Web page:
Dip (exercise)

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Dip exercise using a dip bar

A dip is an upper-body strength exercise. Narrow, shoulder-width dips only train the triceps, with major synergists being the anterior deltoid, the pectoralis muscles (sternal, clavicular, and minor), and the rhomboid muscles of the back (in that order).[1] Wide arm training places additional emphasis on the pectoral muscles, similar in respect to the way a wide grip bench press would focus more on the pectorals and less on the triceps.[2]

Modern meaning[edit]

To perform a dip, the exerciser supports themselves on a dip bar or from a set of rings with their arms straight down and shoulders over their hands, then lowers their body until their arms are bent to a 90 degree angle at the elbows, and then lifts their body up, returning to the starting position.


Combined dip and pull-up machine with weights

Usually dips are done on a dip bar, with the exerciser's hands supporting their entire body weight. For added resistance, weights can be added by use of a dip belt, weighted vest, or by wearing a backpack with weights in it. A dumbbell may also be held between the knees or ankles. For less resistance, an assisted dip/pull-up machine can be used which reduces the force necessary for the exerciser to elevate their body by use of a counterweight. One may also use resistance bands hooked under their feet to help if they lack the strength to properly perform a dip.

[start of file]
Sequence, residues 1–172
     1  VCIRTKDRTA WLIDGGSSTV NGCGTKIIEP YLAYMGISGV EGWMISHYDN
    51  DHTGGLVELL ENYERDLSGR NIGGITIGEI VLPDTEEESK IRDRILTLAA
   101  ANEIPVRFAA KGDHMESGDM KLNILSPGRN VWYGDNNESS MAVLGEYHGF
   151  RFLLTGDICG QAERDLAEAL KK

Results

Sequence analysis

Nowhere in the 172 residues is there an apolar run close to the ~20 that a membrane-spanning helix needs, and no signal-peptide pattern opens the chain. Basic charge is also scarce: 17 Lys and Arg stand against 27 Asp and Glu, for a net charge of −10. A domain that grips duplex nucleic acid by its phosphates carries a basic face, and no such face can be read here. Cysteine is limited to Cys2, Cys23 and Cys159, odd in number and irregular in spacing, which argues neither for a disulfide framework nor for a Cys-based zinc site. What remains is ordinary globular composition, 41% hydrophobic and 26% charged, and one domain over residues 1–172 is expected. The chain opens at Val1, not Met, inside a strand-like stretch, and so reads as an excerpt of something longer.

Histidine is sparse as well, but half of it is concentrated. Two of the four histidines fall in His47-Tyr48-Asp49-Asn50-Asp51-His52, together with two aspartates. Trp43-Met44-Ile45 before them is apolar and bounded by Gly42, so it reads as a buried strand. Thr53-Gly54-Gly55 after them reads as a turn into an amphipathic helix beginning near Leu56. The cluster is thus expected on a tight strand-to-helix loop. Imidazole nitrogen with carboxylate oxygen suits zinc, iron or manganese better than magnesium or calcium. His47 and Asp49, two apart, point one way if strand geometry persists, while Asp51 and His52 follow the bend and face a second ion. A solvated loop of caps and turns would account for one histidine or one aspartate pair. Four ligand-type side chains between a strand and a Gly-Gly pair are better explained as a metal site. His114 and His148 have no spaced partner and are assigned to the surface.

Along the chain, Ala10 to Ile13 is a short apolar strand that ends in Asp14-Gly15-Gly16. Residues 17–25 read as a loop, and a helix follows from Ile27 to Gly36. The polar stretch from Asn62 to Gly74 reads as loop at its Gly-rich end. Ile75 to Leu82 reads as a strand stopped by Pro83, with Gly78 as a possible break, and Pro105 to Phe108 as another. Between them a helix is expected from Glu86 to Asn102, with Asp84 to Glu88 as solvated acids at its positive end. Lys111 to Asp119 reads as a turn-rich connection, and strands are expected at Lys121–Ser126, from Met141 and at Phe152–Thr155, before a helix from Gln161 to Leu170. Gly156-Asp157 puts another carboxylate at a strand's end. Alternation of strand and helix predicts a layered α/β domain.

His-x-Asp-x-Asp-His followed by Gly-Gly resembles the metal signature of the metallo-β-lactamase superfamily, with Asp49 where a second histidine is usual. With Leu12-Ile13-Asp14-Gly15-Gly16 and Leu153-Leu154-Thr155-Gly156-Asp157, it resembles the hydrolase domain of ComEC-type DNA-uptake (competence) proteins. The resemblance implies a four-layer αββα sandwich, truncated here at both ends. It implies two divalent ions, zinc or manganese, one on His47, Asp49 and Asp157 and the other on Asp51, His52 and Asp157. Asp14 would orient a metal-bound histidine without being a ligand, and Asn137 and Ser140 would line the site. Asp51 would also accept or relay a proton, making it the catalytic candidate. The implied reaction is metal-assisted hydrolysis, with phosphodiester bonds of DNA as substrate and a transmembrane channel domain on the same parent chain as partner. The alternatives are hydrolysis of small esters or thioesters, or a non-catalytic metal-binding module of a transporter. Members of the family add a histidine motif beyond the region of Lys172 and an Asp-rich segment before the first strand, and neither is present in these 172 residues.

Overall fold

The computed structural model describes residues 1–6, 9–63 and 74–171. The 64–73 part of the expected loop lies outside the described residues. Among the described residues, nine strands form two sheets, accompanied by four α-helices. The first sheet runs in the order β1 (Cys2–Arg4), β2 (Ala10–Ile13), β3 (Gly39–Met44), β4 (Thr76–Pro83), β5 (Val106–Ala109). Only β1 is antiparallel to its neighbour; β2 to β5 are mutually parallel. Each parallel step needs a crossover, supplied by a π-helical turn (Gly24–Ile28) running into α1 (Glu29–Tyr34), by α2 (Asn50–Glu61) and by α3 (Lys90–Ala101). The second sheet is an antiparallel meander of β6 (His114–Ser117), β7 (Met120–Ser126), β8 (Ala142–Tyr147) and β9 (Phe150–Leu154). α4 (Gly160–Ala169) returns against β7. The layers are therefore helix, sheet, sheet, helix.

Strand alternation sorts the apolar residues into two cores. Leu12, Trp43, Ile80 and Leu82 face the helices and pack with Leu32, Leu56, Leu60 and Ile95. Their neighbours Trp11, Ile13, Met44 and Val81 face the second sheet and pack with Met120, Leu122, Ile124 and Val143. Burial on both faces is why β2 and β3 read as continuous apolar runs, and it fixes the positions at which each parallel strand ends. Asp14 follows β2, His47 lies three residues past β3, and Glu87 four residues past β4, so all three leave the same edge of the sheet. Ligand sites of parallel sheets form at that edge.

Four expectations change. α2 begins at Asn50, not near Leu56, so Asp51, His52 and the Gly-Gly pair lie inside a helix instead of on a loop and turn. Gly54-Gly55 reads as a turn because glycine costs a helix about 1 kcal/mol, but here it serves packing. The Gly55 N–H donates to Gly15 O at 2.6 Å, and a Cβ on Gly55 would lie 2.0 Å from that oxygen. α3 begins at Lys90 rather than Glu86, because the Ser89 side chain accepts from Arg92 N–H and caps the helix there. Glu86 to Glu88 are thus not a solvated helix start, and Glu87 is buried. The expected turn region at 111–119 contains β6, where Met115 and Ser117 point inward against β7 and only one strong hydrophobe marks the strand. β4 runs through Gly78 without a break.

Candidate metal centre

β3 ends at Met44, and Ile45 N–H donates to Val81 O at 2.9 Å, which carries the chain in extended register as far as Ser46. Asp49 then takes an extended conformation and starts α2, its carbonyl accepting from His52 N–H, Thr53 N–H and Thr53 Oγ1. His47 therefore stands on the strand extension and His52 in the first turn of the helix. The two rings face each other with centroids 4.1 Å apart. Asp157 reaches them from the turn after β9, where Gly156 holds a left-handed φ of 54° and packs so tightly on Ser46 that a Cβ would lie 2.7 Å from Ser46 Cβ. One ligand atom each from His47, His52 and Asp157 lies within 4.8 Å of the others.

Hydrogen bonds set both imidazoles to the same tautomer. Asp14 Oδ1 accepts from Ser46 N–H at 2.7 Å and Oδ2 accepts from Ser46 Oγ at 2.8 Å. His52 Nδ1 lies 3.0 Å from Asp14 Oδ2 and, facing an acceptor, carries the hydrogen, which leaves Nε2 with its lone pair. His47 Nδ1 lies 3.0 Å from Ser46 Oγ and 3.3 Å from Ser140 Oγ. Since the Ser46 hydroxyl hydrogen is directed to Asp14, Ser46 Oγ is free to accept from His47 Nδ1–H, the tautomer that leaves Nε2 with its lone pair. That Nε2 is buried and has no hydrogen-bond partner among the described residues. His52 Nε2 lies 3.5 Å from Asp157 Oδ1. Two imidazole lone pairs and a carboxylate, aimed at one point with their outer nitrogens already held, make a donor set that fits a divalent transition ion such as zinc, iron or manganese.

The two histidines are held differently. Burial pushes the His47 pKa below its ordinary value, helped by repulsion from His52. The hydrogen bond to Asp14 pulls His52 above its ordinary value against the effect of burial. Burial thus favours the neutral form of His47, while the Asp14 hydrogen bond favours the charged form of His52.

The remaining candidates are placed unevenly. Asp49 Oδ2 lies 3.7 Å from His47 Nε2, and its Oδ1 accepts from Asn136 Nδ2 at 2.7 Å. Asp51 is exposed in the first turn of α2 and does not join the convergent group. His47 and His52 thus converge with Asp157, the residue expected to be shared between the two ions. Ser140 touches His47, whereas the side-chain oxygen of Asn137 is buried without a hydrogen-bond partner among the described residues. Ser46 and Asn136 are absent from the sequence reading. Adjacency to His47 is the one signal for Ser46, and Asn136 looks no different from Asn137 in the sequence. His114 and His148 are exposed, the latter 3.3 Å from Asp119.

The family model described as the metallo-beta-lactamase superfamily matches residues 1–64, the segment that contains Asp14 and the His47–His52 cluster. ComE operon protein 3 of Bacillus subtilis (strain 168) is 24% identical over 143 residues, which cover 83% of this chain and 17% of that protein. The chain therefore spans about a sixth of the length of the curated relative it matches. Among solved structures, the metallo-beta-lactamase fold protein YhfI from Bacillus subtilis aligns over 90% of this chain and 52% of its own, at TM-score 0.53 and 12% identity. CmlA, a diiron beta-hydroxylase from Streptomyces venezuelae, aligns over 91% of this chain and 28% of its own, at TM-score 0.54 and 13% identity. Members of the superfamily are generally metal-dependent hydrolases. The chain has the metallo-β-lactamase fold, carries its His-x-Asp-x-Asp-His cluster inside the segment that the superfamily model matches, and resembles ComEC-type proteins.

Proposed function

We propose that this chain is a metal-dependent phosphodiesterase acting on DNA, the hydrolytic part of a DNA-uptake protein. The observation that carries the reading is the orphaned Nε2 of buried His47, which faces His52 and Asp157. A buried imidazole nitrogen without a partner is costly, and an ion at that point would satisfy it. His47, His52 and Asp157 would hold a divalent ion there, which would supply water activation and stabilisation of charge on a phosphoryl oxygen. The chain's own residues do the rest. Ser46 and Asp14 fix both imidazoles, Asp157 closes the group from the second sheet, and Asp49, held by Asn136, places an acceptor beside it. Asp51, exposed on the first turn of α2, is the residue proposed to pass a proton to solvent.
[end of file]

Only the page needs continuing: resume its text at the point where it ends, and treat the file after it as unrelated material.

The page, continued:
In the absence of this equipment, a lighter variation of the dip can be performed called the "Bench Dip". The hands are placed on one bench directly underneath the shoulders or on two parallel benches.[3] The legs are straightened and positioned horizontally; the feet rest on another bench in front of the exerciser. This variation trains the upper body muscles in a similar though not exact manner as the normal dip, whilst reducing the total weight lifted by a significant amount. This exercise can be done also off of the edge of a sofa, a kitchen counter, or any surface that supports the lifter. It should be done holding the equilibrium under control.

See also[edit]


  1. ^ "Triceps Dip". exrx.net. Retrieved 3 September 2013.
  2. ^ "Chest Dip". exrx.net. Retrieved 3 September 2013.
  3. ^ "Chest Dip (between benches)". exrx.net. Retrieved 3 September 2013.